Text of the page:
Step 4: Keep refrigerated overnight
Cover the container with a lid, or put the top on if a French press was used. Then put it in the fridge from 12 up to 24 hours, preferably overnight. Make sure not to rush this step, otherwise you will get a very light, watery blend that only slightly tastes like coffee.
Comparable to hot brewing techniques, cold brewing utilizes time instead of heat to obtain the desired coffee concentrate. Soaking the coffee for at least half a day will naturally release the oils and flavors inside the beans without leaking the acidity and bitterness.
Step 5: Extracting the concentrate
Take out the coffee from the fridge. Place a piece of cheesecloth over a fine-mesh strainer on top of a large measuring cup. Slowly pour the coffee-water mixture through the strainer. Depending on the capacity, you might need to strain in several batches.
Do not squeeze the coffee in the cheesecloth, as doing so would make the extracted coffee concentrate more bitter and acidic. If using a French press, you don’t need to use a strainer and can use the metal screen installed in the French press, but a secondary filter like a piece of cheesecloth is still recommended.
Step 6: Prepare for storage
After that, put the extracted coffee concentrate in a clean container, seal it tight and keep refrigerated for long-term storage. This concentrate can last for up to 2 weeks if properly kept.
Do remember that the brew you obtained is heavily concentrated, and should be diluted when serving. And of course, do remember to handle the concentrate with care after each use for the best possible shelf lifetime. You don’t want to ruin your long and hard work, right?
Step 7: Enjoy your result
When serving, pour ½ cup of the coffee concentrate into a long glass along with water, add ice if needed, and then stir. After that, add your favorite coffee cream or milk as necessary. Now, your great summer refreshment is ready to serve! Take a sip, enjoy the sun, and start thinking about how you would go and spend the rest of this beautiful sunny summer day!
PROTIPS FOR BETTER BREWING:
➻ Grinding the coffee to the right level: Unlike normal brewing, the cold brew technique requires a very specific type of ground coffee. Grinding the coffee to a coarseness level closer to raw sugar prevents the coffee from getting too bitter when soaking overnight. It’s better to grind the beans in small batches instead of in one go.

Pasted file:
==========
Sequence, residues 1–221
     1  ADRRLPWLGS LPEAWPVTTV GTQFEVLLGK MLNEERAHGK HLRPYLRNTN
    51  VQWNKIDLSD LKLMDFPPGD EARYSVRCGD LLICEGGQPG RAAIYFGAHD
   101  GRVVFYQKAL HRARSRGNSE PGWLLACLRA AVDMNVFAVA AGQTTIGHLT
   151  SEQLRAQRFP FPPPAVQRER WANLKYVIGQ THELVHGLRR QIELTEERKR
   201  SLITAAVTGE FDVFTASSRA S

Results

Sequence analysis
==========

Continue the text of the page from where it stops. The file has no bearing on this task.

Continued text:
➻ Experimenting with a higher coffee-to-water ratio: The recipe above utilizes a standard ratio of 1 ounce of ground coffee per 1 cup of water, making it easier to scale the ratio up or down. Drip coffee only uses ½ ounce of ground coffee per 1 cup of water.
➻ Gently straining and never squeezing: What makes the Starbucks coffee so beloved is their Toddy System, which utilizes gravity to gently and naturally separate the cold brew from the coffee. While you lack the exact tools to do it like Starbucks does, you can mimic the technique at home by using a cheesecloth and a strainer to gently extract the cold brew. Strain in batches for the best control. After finishing, remember to never squeeze the ground coffee in the cheesecloth, as that will make the coffee concentrate bitter.
➻ Avoid using a coffee filter: While you can technically use a coffee filter to extract the cold brew, it’s comparably slower than the cheesecloth method, and you’re also risking the filtering paper being torn, creating more of a mess and extra work to clean up that you could have avoided altogether.